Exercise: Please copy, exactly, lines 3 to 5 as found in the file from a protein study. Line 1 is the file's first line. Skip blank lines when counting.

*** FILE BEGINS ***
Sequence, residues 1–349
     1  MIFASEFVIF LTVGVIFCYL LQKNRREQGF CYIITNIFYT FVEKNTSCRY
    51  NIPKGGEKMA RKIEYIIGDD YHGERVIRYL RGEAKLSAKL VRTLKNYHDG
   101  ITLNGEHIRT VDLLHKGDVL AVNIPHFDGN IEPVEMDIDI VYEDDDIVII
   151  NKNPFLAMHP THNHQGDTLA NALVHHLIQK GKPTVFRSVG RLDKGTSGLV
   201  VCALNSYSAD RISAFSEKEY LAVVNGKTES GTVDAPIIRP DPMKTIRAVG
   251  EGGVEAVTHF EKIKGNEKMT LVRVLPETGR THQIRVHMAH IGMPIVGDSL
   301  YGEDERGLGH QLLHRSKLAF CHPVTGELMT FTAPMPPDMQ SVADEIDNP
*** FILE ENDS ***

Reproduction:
    51  NIPKGGEKMA RKIEYIIGDD YHGERVIRYL RGEAKLSAKL VRTLKNYHDG
   101  ITLNGEHIRT VDLLHKGDVL AVNIPHFDGN IEPVEMDIDI VYEDDDIVII
   151  NKNPFLAMHP THNHQGDTLA NALVHHLIQK GKPTVFRSVG RLDKGTSGLV